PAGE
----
STAMP Interns Reflect on Voices of Voting

STAMP Interns Reflect on Voices of Voting

Our interns Connie and Alan share their thoughts about Committee of Seventy’s Voices of Voting, which took place during the DNC:

Coming into the Voices of Voting event, I didn’t know what to expect. I was pleasantly surprised to be taken off of my seat and taken back in time. Throughout the whole play, the characters played an important role in explaining why African Americans worked so hard for their voices to be heard, further uncovering why it is so important for each and everyone of us to go out there and make our voices heard. Most people believe that their voices won’t matter or that one vote wouldn’t make a difference, but many voices that stand together can make a difference and a single vote is what starts the change. Two voices is what builds the momentum and so on until we can’t be stopped. We demand our voices to be heard, one tiny vote can do all of this and more. Before coming to this event, I was on the fence about voting because I felt like I was just a single person and what did it matter if I voted. However, after this play, I was convinced that I had to be apart of the movement and vote. Philadelphia is one of the biggest influences. When the people of Philadelphia speak up, it is seen nationwide, making a statement that no one can deny; this play made me want to be a part of that. – Connie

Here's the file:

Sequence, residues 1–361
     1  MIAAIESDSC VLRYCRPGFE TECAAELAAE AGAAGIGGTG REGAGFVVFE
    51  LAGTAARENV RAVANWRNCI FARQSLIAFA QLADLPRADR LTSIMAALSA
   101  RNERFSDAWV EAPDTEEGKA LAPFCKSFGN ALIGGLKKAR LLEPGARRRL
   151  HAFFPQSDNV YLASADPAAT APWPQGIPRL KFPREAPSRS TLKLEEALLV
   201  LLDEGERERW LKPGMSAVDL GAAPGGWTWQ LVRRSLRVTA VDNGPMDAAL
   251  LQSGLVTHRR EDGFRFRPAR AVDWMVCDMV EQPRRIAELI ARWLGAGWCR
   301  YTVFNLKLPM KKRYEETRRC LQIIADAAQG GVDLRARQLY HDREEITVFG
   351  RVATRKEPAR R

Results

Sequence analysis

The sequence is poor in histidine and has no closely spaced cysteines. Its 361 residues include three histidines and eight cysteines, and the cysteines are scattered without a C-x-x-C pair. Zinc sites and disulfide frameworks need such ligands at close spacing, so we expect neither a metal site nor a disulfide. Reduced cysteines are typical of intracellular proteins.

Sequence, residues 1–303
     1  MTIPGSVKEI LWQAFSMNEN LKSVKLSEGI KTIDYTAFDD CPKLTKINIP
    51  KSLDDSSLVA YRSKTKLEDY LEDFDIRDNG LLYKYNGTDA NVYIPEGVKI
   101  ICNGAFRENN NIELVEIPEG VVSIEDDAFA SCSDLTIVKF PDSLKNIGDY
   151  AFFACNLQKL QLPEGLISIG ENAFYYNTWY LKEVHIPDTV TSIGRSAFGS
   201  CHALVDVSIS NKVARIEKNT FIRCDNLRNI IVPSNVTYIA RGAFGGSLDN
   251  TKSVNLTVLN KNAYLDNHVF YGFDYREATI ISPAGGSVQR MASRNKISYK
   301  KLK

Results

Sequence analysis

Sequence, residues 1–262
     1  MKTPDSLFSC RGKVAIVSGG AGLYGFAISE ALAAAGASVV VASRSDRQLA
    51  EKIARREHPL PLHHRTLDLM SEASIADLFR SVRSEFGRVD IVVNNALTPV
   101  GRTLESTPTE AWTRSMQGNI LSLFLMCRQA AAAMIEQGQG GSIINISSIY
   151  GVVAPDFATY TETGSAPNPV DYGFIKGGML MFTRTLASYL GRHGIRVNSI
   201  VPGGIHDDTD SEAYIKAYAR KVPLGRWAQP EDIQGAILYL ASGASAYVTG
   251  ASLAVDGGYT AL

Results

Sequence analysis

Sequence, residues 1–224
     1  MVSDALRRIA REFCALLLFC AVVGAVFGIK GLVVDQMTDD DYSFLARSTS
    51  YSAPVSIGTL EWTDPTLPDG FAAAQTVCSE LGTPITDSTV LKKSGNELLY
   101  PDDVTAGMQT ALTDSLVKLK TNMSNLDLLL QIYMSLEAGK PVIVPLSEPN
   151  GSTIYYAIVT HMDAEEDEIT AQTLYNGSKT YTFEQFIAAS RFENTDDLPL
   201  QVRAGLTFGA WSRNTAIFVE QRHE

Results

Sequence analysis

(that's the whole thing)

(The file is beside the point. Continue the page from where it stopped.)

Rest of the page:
Voices of Voting was an intriguing and insightful play, depicting the struggles and history behind voting rights for African Americans and how important it is for your voice to be heard. It started off abruptly and it quite confused me, but later I understood. The three actors switch between other characters in regards to the time period that they switch into. They switched between characters that had a burning desire to have their voice heard as well as characters who simply blindly accepted the reality of their disenfranchisement. It was a story for everyone; it promotes voting as a way of self expression, especially among teens. Before coming to this event, I didn’t have an interest in voting since I will not be eligible to vote, and I also didn’t have an expectation that had to be met. – Alan